The Israeli high-tech industry is contributing 18% to local GDP, versus less than 10% in the US, and about 6% in the EU. About 14% of all employees work in the high-tech sector and in tech jobs in other sectors. The Israeli economy relies on high-tech products and exports, which make up about 50% of total exports, as well as high-tech taxes.

“The Israeli economy’s dependence on the high-tech sector has significantly grown in the past decade, therefore, we must do everything necessary to preserve the industry and continue nurturing its competitiveness in the global market,” Bin urged.

Bin noted that “91% of investments in Israeli high-tech are funded by the private sector — there is no parallel to this anywhere else in the world.”

Israel has the lowest percentage of government funding for R&D among OECD countries, with only 9% of national R&D expenditure funded by the government. In addition, about 80% of venture capital investments in high-tech were generated from foreign funds in the years 2021 and 2022, according to the report.

Tech workers protest against the government’s judicial overhaul ‘time is running out for Israeli high-tech,’ in Tel Aviv, on March 23, 2023. (Avshalom Sassoni/Flash90)

“The Israeli high-tech industry is unique and different, and such a model does not exist in any other market worldwide,” Bin remarked. “The entire Israeli economy is highly reliant on the behavior of this sector and the preservation and cultivation of trust from foreign investors in it.”

Since the start of the year, Israeli tech companies have shown negative returns compared to technology companies traded on the Nasdaq. In the first quarter of 2023, the return on the index of the top 100 technology companies traded on Nasdaq was close to 24% pointing to signs of the start of a recovery, while the Tel Aviv Technology Index fell 1% during the same period.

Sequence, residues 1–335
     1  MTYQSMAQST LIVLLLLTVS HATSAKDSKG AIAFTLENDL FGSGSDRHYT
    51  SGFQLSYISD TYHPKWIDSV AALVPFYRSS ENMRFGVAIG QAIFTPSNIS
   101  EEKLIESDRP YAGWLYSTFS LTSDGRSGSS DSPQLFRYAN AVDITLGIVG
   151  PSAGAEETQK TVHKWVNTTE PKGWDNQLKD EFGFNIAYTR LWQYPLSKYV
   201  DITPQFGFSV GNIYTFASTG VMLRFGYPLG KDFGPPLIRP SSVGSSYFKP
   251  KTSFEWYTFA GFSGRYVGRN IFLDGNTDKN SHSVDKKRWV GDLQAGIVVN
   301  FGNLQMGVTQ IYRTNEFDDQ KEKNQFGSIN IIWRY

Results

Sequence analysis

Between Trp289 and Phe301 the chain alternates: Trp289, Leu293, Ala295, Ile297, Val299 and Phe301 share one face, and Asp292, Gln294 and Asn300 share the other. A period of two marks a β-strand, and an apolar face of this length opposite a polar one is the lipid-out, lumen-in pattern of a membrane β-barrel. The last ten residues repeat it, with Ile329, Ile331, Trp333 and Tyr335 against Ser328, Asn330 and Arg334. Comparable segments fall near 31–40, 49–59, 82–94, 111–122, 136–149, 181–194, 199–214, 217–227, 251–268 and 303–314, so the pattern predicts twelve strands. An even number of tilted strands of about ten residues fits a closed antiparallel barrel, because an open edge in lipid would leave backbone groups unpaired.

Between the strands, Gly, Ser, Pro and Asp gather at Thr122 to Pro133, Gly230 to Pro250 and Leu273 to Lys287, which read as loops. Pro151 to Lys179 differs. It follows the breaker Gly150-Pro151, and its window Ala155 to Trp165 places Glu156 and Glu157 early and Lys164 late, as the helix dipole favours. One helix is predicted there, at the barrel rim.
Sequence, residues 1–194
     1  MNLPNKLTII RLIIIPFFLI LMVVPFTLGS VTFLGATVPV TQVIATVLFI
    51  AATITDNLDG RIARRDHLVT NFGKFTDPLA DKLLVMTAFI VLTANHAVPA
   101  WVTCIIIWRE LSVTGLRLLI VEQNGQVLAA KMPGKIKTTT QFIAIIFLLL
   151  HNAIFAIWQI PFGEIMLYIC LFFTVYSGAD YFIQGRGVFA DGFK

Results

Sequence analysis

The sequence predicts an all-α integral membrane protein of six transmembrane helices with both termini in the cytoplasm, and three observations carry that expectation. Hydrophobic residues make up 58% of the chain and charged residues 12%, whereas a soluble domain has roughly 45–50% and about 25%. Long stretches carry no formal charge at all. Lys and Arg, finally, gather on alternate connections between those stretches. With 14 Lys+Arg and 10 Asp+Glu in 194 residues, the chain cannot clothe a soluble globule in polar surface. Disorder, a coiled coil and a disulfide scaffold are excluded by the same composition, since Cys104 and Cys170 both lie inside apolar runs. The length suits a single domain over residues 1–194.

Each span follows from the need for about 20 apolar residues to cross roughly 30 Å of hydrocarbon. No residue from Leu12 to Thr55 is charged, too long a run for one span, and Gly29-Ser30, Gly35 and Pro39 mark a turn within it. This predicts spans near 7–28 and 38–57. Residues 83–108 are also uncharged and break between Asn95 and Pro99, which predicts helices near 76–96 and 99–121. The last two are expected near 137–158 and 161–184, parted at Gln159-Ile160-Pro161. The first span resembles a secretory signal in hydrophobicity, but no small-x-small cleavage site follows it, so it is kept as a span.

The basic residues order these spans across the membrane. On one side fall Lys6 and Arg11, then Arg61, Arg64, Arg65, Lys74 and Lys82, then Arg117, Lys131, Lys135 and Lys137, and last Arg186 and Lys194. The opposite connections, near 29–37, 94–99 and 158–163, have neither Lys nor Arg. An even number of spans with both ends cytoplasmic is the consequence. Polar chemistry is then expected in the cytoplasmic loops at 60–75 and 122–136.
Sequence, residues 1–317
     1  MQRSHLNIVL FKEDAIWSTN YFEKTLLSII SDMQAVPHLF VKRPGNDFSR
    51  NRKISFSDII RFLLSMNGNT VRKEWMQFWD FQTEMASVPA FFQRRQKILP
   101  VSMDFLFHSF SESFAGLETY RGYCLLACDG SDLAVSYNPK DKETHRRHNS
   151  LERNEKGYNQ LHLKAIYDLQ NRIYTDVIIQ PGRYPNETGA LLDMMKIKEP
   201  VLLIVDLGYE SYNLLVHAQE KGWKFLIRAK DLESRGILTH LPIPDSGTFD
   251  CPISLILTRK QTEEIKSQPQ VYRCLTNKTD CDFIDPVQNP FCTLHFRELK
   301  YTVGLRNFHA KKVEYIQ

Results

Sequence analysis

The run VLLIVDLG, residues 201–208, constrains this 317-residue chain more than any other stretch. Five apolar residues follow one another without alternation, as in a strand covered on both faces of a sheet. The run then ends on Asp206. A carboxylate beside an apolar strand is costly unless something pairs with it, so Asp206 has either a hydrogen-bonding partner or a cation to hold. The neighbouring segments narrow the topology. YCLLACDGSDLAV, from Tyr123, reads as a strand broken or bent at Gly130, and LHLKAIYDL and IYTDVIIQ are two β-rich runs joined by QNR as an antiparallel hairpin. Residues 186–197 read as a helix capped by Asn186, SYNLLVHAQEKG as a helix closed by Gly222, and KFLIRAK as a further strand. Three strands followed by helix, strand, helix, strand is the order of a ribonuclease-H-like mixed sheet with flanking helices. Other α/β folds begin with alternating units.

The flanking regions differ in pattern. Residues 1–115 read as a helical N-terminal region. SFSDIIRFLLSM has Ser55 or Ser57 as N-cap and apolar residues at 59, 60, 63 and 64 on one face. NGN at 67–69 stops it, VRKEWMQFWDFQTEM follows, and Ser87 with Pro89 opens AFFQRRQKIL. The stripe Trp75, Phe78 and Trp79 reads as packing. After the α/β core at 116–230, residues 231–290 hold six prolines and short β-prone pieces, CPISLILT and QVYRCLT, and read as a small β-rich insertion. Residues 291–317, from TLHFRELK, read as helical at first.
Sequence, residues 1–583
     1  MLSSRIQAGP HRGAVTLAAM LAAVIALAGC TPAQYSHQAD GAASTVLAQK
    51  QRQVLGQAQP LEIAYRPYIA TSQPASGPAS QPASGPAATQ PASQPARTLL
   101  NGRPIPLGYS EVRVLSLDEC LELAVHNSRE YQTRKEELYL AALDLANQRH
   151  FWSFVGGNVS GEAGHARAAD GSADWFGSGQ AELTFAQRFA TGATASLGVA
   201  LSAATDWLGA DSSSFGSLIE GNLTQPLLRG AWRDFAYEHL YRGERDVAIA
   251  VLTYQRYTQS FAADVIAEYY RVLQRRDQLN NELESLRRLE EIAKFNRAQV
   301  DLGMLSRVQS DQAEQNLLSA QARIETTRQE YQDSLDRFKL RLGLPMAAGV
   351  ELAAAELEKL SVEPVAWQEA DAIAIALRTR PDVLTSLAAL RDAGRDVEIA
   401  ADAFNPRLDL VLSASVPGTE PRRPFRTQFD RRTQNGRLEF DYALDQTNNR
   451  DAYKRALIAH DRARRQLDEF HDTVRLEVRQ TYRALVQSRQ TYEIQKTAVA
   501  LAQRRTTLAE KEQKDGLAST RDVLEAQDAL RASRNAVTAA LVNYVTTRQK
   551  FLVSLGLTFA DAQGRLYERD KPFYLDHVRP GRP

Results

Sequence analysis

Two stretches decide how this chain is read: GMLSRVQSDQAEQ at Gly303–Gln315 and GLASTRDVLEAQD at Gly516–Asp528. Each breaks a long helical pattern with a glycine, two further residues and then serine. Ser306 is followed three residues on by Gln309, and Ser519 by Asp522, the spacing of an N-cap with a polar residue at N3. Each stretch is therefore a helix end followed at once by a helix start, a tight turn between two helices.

“The coming months will be critical for the Israeli high-tech sector,” the Israel Innovation Authority warned in the report.

“The past teaches us that, usually, two quarters after the recovery begins in the stock market, as reflected in the rise of the Nasdaq index, there is also an increase in capital-raising and employment in the Israeli high-tech industry,” said Bin. “Given the rise in the Nasdaq since the beginning of the year, under normal circumstances, one could expect an increase in fundraising and employment in Israel during the summer months.”

“We don’t want to see Israel getting out of correlation to other tech hubs in the world in terms of fundraising,” he said.

However, according to preliminary data for April and May data, “there is a genuine concern of a separation trend between the Israeli high-tech industry and global trends,” the report cautioned.

“These trends are worrisome, especially considering the significant dependence created on the high-tech sector in Israel as a central and growing industry that contributes to the economy, and in light of this sector’s substantial dependence on foreign investors – more than other innovation hubs,” it was added.

Tech hubs

As of April 2023, there were 9,093 tech companies, ranking Israel’s startup ecosystem as the third largest globally after San Francisco and New York, according to the report.